Quite simply, the best cultural review in the world
Letter from Dublin
On Eileen Gray and her cold aesthetic.
was right!Support The
Preparatory to my visit to Dublin, friends with whom I was to stay kept for me an article from the February 25 edition of Irish Times magazine. It was about Eileen Gray, the Irish avant-garde designer who spent most of her life in Paris, and one of whose chairs sold at auction for $27 million in 2009, thus giving a new meaning to the expression “sitting on a fortune.”
The article informed readers that a film was to be made about an episode in Gray’s life, in which she was to be the heroine and Le Corbusier the villain. It goes without saying that I have a prejudice in favor of any film in which Le Corbusier is cast as the villain, but—alas—I fear that this particular film will do more harm than good because its unspoken aesthetic premises are all wrong.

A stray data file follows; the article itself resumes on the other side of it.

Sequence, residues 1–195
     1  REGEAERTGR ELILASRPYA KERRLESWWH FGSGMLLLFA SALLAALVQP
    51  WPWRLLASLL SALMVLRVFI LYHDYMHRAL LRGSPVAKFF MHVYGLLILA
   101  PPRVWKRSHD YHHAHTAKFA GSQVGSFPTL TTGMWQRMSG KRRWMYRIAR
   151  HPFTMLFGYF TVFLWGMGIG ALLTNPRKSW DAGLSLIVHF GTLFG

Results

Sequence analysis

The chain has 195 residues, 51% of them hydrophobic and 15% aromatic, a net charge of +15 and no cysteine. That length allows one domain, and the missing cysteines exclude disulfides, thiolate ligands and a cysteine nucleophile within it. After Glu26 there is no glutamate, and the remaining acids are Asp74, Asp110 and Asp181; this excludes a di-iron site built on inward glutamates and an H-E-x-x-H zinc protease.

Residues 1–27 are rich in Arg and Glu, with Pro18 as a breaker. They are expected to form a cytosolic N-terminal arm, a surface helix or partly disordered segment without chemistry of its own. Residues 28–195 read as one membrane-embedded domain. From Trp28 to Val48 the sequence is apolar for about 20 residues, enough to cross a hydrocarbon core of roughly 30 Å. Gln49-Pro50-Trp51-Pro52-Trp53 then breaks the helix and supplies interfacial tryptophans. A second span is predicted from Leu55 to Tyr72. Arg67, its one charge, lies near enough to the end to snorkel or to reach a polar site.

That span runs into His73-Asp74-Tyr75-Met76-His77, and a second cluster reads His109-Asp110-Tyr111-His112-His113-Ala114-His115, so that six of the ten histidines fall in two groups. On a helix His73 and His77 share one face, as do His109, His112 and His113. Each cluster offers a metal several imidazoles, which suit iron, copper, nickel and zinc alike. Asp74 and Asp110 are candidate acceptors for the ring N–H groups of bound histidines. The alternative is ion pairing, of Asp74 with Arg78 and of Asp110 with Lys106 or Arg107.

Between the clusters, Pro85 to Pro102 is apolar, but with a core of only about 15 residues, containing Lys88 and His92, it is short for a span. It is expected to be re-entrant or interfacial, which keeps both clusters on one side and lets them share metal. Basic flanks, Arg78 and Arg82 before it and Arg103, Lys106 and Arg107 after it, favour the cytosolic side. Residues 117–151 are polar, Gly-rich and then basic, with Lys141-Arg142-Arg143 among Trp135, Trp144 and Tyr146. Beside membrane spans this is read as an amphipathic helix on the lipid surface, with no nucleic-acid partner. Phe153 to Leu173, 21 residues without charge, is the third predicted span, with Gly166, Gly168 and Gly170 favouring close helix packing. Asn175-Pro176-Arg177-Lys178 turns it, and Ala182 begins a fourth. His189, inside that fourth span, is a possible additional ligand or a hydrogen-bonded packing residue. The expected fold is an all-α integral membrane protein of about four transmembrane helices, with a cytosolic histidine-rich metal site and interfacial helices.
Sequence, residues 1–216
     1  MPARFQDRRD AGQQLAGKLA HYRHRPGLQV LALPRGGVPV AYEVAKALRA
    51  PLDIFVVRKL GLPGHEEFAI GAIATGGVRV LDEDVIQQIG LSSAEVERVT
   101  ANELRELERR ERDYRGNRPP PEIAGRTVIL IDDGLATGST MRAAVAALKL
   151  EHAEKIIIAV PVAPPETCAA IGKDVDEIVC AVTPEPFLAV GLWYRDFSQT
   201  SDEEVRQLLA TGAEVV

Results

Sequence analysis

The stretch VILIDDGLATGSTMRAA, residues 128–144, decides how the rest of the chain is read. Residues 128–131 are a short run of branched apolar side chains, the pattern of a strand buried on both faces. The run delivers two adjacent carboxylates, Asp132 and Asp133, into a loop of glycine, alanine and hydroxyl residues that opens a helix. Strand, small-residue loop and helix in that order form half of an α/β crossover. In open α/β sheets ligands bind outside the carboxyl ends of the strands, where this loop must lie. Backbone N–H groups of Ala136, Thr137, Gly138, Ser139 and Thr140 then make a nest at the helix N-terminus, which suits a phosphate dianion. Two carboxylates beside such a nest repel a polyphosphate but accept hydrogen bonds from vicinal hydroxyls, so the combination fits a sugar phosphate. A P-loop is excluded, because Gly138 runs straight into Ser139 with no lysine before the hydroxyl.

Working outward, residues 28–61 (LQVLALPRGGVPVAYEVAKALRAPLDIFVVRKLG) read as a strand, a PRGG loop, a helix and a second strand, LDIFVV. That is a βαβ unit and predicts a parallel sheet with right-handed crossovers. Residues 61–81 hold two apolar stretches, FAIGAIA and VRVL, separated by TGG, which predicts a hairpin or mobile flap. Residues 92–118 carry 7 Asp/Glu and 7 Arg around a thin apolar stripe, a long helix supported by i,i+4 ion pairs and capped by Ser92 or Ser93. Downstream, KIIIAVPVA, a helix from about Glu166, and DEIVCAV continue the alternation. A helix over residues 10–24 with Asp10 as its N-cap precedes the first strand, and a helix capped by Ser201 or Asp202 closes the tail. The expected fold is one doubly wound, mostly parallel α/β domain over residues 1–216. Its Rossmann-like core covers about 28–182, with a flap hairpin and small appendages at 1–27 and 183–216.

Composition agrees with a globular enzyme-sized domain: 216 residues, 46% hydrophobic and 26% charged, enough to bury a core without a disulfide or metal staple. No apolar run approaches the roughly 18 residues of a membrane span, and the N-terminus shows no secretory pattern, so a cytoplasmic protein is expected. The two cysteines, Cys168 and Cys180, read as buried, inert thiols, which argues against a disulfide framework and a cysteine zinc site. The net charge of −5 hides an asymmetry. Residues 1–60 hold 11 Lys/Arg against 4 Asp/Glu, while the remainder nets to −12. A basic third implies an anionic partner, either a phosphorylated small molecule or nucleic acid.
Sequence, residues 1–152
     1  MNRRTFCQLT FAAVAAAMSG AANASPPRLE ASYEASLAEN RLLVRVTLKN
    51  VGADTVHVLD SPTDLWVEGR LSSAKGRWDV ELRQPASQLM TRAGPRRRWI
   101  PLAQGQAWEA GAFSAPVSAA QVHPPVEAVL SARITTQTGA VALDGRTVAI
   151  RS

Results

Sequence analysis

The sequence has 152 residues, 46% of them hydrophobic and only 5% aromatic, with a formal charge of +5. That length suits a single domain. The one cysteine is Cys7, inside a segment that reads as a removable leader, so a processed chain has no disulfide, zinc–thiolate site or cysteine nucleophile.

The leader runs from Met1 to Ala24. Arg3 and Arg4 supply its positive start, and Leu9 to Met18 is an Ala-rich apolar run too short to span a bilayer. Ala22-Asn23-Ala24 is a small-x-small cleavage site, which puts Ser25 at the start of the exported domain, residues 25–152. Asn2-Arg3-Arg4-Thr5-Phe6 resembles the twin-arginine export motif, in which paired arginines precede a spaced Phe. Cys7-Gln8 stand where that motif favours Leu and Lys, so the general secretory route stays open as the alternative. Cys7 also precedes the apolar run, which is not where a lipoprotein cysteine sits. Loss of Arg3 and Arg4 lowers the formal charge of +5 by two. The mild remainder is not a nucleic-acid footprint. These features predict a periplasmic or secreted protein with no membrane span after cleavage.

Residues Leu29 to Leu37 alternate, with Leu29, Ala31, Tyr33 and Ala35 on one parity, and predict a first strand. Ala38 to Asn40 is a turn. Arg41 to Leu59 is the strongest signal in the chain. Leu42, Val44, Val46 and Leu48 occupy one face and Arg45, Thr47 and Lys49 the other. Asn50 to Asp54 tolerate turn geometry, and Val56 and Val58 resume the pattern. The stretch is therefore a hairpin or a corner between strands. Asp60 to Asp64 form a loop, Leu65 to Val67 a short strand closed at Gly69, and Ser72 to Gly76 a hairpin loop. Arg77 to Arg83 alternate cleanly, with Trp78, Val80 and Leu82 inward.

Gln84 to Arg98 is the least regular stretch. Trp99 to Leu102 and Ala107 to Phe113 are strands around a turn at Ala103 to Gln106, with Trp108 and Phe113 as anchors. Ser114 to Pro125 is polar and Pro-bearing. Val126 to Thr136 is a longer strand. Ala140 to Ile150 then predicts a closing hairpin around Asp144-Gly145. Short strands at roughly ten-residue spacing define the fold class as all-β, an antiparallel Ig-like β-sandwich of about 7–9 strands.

In 1929, Gray built a modernist villa in the South of France with her then-lover, the Romanian architect Jean Badovici. Not on ...
This article is available to subscribers and for individual purchase
This article originally appeared in The New Criterion, Volume 31 September 2012, on page 34
Copyright © 2015 The New Criterion | www.newcriterion.comhttp://www.newcriterion.com/articles.cfm/Gray-s-sterility-7428
E-mail to friend
A few reflections on To Kill a Mockingbird in anticipation of Harper Lee's new book releases.
September 29 2015
Friends and Young Friends Event: Book Launch Party with Peter Pettus
October 02 2015
Friends and Young Friends Event: "The Corruption of our Political Institutions," a symposium
The Walter Duranty Prize for Journalistic Mendacity
Introduction to The Kennedy Phenomenon
The Kennedy Phenomenon: "Watching the Kennedy Train-Wreck"